PDT Staff Writer
City Council discussed bringing itself in line with current and future union negotiated insurance premium payments at Monday night’s conference session.
“My first point is that I think it behooves Council to adopt the same policies regarding health payments that we have negotiated with our unions,” First Ward City Councilman Kevin Johnson said. “The second point is that I think the city could save money by including Council. Council is included in the language related to receiving health insurance. That is clearly in the ordinance. Council is not in the language of being eligible for the $3,000 cash payment, should they desire not to take the health insurance.”
Johnson, this past year, voluntarily raised the amount of his insurance premium from $25 to $80 because it was that increase that was negotiated with the unions by the city.
“In my instance, I can tell you right now, I’m on Medicare,” Johnson said. “But I would take the $3,000 and simply get the secondary medical - much cheaper, much cheaper. I still maintain my 100 percent coverage, but at something like $4,000 less than what we are paying United Health Care, so just in my own instance, it’s a $4,000 savings by allowing Council to take advantage of the same program that it provides every other employee.”
Fourth Ward Councilman James Kalb said he believed it is something the City Solicitor would have to look at, as it might be considered an increase in Council salary, which, according to the City Charter calls for Council members to receive $50 a month.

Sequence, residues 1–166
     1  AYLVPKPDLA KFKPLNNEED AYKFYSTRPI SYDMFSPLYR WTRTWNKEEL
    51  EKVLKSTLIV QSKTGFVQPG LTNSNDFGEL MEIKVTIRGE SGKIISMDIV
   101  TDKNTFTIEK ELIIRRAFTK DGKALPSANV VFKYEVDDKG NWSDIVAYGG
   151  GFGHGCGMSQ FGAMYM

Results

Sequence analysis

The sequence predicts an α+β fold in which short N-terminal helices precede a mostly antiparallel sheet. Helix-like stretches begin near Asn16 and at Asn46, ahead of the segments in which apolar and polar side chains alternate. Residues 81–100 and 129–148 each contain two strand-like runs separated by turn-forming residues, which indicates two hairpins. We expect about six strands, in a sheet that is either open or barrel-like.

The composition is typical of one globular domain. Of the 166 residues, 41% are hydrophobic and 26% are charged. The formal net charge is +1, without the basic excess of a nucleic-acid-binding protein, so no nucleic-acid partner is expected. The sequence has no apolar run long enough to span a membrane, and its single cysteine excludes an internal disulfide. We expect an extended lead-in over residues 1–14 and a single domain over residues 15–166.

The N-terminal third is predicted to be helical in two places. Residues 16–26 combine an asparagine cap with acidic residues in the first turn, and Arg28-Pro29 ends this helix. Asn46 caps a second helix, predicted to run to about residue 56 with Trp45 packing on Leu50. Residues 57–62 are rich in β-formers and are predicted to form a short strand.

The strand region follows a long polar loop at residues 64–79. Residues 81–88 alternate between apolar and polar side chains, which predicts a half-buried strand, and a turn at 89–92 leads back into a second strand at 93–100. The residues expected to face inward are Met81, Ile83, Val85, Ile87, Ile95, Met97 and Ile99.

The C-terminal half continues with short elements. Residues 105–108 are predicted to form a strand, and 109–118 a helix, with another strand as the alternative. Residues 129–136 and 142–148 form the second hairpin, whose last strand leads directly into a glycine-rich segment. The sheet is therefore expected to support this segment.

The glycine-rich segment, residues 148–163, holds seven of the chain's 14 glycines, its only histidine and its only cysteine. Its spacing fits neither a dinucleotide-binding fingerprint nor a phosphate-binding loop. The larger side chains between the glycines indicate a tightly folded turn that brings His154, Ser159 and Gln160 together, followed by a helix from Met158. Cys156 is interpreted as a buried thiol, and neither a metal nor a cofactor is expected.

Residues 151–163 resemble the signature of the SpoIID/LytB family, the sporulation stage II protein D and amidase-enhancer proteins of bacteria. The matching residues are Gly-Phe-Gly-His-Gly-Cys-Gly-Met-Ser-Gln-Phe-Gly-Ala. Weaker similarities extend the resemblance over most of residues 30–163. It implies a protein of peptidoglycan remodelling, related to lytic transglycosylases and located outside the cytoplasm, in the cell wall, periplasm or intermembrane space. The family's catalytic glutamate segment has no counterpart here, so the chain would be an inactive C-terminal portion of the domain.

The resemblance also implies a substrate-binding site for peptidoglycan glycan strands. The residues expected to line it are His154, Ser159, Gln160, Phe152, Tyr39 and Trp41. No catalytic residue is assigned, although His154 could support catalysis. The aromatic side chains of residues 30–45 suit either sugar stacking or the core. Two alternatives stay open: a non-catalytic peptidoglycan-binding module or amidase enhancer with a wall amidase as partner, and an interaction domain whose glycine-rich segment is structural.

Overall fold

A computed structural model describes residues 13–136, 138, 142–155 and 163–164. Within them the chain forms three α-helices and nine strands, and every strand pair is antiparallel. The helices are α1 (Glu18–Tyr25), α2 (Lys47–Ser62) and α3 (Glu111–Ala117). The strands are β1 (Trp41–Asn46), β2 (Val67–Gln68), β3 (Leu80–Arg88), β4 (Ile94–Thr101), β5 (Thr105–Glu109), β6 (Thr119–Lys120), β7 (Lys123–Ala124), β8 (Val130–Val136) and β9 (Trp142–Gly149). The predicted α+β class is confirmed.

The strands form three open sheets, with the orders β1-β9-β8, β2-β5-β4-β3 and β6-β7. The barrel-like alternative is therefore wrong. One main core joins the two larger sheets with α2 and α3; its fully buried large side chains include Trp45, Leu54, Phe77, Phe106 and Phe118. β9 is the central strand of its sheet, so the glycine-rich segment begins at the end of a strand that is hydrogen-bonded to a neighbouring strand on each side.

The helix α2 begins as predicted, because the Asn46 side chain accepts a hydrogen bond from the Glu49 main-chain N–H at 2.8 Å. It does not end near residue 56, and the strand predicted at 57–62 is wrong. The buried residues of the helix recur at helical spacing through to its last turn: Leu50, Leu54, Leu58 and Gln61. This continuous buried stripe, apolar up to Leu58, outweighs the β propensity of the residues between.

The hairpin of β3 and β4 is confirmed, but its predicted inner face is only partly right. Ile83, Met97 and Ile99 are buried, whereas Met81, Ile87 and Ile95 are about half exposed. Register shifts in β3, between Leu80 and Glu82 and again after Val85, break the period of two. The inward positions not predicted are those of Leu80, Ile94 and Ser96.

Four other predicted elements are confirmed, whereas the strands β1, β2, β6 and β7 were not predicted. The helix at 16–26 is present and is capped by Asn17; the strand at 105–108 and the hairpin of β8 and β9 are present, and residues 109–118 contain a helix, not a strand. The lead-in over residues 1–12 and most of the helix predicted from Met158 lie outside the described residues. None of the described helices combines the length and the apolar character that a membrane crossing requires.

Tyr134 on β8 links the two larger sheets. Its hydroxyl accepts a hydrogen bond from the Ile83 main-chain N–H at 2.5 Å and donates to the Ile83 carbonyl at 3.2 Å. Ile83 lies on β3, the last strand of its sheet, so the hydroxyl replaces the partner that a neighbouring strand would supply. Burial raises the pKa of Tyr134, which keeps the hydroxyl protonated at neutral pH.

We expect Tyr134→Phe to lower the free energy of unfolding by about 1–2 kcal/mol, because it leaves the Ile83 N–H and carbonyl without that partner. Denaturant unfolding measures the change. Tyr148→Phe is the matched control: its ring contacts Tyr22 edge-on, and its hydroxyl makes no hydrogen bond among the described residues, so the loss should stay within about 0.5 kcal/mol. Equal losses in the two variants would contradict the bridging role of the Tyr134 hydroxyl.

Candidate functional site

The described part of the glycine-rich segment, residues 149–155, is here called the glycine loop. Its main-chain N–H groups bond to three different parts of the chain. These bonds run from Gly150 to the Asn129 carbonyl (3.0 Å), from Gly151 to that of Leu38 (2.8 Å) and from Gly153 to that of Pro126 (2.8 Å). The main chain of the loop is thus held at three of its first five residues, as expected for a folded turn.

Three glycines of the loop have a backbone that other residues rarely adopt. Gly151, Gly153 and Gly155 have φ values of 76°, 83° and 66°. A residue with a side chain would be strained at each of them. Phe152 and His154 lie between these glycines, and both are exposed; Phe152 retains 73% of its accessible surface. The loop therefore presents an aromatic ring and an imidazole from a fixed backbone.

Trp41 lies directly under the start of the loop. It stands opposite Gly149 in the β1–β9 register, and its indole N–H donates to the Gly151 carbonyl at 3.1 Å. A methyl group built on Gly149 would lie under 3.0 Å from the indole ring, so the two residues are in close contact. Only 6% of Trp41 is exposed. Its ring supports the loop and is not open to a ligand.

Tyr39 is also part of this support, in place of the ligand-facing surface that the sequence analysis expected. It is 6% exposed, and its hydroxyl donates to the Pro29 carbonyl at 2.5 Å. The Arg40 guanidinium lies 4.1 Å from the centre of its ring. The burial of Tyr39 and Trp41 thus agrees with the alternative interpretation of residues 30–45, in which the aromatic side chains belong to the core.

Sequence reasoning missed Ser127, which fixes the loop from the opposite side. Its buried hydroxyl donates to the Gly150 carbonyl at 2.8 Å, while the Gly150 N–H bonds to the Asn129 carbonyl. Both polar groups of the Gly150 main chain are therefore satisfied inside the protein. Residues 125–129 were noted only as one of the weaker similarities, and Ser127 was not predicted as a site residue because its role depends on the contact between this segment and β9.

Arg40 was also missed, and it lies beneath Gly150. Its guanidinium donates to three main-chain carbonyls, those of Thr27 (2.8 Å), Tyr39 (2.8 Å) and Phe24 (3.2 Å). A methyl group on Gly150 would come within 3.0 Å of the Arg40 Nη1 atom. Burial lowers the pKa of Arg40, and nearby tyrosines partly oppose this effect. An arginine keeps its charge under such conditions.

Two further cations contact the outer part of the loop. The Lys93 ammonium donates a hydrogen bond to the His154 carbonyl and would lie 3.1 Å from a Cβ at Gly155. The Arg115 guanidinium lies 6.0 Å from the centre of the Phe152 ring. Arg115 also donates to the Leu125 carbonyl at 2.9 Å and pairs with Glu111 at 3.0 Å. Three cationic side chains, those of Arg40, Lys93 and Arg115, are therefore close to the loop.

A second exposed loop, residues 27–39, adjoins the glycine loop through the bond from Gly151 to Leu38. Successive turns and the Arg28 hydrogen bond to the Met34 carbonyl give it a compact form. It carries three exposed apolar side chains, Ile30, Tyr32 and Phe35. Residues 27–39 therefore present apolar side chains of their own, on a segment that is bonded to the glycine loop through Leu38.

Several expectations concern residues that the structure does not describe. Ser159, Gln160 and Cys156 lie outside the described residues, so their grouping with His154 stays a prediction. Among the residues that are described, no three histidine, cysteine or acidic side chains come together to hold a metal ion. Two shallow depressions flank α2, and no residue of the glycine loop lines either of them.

“I have my thoughts,” City Solicitor John Haas said. “I don’t know if I want to share them in this public meeting because, depending on what happens, I may be in a different position down the road and forced to defend a different position down the road. I think I have related my thoughts, and I think the (City) Auditor related his take on that issue.”
Haas said there is a Charter provision that sets the compensation for members of City Council, and that could cause an issue.
“I agree with what Kevin is proposing here,” Second Ward Councilman Rich Saddler said. “Because it is for the people on Council who use the insurance, and going this route it would be a savings for the city. But, are we changing the Charter?”
Haas said he believes a Charter change would be advisable.
Also, in a response from a question from Sixth Ward Councilman and President of Council, Steve Sturgill, as to when the last time was that Council considered how much it receives in pay, Haas said - “1928 when the Charter was created.”
“Have we ever tried to get it amended?” Sturgill asked. “Have we ever put it up for a vote?”
Portsmouth Mayor David Malone said the issue came up about eight years ago, but it never went beyond the discussion stage.
“The way it is done now, it is unfair,” Sturgill said. “It’s unfair to those who don’t take advantage of it, who don’t have to, who are lucky enough to have insurance at their place of employment. I personally would like to see it ($3,000 compensation for Council members not taking the insurance) on the ballot, and take a shot at it, making a salary for Council of X-number of dollars. If you would fill out a figure of $5,000, and if each one of us had that, that’s $30,000. That’s half of what we’re spending now on health insurance.”
Haas explained that insurance is a benefit and is not considered compensation (a wage).
“Three-thousand dollars arguably would be a form of compensation or wage,” Haas said. “I’m sure that they withhold taxes on it. If Council decided to try to put something together and tried to put it on the ballot, that’s Council’s prerogative.”
Johnson said he receives a check from the city each month is the amount of $43 and then writes the city a check for $80 to cover his portion of his health insurance premium.
“It is just fair,” Johnson said. “If that is what the other employees do, I think we should do the same.”
Frank Lewis may be reached at 740-353-3101, ext. 252, or at firstname.lastname@example.org.